The section above what Dirk quoted is a bit more clear, I think:

                                      File object constructors
                                      To create a File object, use the File function or the new operator. The constructor accepts full or partial
                                      path names, and returns the new object. The CRLF sequence for the file is preset to the system default, and
                                      the encoding is preset to the default system encoding.
                                      File ([path]); //can return a Folder object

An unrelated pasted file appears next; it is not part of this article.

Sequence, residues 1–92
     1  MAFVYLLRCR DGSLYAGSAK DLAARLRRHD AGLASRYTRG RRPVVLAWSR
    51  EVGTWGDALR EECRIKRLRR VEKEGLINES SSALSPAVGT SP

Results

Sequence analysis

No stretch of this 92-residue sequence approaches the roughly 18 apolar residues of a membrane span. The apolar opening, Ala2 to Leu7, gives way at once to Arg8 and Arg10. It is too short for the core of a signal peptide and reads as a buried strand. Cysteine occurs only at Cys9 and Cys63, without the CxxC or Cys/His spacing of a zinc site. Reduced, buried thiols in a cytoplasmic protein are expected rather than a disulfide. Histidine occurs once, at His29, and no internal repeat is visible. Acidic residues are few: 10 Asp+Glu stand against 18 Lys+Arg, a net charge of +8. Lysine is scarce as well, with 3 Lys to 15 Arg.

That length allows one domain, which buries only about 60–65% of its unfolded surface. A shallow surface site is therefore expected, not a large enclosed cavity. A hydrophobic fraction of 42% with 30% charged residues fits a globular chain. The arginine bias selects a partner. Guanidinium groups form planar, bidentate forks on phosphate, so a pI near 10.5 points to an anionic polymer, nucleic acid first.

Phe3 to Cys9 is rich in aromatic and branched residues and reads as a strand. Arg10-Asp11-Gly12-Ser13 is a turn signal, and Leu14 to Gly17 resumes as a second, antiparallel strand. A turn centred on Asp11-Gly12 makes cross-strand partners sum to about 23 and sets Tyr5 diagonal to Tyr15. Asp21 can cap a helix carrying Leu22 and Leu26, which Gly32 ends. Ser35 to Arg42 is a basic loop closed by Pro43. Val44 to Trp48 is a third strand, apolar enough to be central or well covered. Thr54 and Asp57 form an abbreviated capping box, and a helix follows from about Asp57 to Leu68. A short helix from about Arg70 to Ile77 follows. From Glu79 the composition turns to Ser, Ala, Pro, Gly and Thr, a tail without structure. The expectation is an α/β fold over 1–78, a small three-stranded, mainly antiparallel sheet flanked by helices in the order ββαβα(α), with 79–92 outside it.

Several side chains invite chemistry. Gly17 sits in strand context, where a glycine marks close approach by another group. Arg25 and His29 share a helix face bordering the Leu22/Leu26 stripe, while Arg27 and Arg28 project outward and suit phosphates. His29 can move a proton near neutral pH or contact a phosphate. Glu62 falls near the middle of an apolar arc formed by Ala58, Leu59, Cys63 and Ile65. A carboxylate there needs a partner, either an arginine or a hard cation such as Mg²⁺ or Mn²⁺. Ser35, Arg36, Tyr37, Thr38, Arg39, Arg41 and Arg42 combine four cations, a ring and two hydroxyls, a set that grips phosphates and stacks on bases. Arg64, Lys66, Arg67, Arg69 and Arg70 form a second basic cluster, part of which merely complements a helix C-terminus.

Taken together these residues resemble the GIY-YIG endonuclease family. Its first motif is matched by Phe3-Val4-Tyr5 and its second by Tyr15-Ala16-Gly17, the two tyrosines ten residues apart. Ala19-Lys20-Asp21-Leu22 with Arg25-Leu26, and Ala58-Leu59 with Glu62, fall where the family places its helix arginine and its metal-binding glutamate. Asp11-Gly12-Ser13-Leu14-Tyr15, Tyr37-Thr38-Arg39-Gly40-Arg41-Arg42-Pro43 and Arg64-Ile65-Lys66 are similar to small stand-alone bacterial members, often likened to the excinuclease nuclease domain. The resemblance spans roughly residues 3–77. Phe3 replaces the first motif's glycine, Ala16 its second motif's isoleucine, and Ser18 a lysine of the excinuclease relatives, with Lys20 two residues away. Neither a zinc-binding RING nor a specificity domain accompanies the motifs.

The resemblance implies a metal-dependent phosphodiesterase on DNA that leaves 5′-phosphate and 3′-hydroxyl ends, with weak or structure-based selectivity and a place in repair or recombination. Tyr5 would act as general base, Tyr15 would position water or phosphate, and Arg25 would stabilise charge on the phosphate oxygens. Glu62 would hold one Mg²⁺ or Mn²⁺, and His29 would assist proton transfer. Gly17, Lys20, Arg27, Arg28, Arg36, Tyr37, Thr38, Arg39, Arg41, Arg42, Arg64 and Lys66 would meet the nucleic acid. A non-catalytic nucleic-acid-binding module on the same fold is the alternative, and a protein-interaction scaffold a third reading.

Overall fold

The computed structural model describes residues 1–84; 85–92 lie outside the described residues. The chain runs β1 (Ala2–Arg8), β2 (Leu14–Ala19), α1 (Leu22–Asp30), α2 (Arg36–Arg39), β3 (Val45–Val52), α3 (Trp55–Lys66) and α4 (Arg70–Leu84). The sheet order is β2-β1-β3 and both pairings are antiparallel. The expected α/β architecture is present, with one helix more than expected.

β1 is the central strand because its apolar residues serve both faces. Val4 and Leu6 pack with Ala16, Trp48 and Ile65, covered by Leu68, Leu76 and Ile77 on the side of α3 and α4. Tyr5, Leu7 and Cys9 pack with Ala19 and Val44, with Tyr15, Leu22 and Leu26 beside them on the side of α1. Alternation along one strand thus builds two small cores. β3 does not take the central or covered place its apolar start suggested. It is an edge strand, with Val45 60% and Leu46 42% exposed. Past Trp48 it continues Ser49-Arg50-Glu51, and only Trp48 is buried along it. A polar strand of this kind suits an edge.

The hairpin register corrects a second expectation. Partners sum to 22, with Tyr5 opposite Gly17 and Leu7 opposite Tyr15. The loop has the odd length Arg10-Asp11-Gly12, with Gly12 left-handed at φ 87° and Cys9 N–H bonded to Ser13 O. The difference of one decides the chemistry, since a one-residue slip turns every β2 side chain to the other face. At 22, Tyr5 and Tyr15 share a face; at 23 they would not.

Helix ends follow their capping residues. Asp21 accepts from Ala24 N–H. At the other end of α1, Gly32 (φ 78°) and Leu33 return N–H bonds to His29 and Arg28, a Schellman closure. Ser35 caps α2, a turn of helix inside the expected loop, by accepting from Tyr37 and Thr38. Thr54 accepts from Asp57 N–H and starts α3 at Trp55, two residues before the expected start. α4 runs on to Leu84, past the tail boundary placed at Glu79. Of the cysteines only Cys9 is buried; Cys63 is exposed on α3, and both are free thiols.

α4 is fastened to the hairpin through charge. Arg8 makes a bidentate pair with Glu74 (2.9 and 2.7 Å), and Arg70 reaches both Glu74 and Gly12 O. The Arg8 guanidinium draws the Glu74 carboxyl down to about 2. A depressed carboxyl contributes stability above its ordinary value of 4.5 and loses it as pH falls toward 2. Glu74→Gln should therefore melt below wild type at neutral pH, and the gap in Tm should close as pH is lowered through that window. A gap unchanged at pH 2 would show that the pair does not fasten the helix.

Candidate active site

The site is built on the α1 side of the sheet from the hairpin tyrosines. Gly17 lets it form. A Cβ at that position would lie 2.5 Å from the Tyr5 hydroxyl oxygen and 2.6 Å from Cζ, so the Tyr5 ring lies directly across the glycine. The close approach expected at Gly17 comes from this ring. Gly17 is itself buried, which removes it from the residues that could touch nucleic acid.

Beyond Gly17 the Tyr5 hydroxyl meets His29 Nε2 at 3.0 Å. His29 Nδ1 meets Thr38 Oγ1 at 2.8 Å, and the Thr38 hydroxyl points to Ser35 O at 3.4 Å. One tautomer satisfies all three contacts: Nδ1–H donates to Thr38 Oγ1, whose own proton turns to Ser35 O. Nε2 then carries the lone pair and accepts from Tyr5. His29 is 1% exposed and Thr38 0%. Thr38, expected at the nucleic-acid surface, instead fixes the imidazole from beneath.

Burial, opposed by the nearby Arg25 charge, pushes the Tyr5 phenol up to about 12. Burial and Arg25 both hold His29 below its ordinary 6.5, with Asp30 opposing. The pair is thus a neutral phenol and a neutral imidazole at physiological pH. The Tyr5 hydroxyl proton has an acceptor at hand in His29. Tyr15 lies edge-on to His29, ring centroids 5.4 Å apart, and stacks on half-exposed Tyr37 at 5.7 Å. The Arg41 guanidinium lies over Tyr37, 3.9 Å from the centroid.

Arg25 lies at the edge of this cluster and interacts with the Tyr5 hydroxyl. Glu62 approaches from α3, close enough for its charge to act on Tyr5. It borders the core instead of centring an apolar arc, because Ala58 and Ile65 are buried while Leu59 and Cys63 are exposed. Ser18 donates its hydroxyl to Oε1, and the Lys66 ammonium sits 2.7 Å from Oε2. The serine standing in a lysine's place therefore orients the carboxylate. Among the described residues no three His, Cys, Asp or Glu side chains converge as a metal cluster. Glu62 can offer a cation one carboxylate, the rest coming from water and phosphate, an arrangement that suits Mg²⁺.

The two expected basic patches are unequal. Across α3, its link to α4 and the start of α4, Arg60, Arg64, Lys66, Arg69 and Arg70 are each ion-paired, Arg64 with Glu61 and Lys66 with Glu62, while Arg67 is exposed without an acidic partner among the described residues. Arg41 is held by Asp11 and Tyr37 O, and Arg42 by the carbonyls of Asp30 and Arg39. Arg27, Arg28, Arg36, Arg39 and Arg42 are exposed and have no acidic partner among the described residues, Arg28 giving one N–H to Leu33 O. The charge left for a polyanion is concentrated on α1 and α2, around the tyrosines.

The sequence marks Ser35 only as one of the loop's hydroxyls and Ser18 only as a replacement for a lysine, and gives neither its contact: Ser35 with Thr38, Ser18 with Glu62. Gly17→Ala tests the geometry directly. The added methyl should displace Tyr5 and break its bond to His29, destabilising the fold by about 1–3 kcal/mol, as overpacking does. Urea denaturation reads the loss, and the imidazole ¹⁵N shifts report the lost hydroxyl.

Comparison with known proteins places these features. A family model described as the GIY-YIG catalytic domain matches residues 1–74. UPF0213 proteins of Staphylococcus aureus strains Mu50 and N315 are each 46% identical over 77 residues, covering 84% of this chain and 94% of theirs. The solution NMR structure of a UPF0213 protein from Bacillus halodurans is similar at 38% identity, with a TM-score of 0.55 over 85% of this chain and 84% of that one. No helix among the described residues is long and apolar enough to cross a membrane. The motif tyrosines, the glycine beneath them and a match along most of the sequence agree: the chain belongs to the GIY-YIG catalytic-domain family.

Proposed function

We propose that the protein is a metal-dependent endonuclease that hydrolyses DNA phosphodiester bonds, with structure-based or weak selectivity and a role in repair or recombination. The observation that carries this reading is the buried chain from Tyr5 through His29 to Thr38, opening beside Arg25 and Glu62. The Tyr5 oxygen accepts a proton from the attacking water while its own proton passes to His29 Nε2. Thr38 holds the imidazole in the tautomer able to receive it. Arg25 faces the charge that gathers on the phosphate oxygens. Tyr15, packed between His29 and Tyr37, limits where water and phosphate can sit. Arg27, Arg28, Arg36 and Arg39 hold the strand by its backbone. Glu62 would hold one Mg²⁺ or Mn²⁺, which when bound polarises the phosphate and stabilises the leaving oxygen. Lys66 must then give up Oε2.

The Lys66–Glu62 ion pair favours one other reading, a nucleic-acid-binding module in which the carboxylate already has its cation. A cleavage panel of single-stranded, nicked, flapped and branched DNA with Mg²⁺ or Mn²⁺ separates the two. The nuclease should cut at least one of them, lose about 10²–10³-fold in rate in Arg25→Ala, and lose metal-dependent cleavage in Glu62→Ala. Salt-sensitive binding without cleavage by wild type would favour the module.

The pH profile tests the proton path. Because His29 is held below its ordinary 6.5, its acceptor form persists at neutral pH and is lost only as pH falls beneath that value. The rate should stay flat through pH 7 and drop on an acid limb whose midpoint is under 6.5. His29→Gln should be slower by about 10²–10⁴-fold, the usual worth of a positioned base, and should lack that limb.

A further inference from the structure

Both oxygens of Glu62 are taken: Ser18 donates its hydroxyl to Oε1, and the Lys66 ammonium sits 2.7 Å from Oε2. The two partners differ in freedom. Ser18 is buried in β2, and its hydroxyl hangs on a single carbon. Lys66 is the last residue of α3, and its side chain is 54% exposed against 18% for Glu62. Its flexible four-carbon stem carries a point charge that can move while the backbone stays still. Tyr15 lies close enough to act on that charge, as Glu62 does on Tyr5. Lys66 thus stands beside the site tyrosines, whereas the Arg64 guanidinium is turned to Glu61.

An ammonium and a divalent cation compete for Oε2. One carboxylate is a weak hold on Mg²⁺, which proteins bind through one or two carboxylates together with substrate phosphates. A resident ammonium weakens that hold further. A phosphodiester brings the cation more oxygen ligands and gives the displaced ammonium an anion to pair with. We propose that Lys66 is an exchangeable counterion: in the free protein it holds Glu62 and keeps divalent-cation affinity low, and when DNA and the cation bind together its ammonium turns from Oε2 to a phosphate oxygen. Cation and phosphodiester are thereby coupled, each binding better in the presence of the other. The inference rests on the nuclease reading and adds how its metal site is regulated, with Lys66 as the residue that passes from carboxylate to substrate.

new File ([path]); //always returns a File object

                                       

                                      I also feel a bit dumb since the very first page of the File System Access chapter says:

                                       

                                      There are several ways to distinguish between a File and a Folder object. For example:
                                      if (f instanceof File) ...
                                      if (typeof f.open == "undefined") ...// Folders do not open

                                      So perhaps the portable solution is to try to open the folder. (That occured to me before, but I dismissed it since under Unix you can certainly "cat" a directory).

                                       

                                      I'm loathe to use File without the new, both because it's a habit that will break the world in other Javascript implementations, and also because JSLint will complain about it and I try to make sure that all my code passes JSLint cleanly.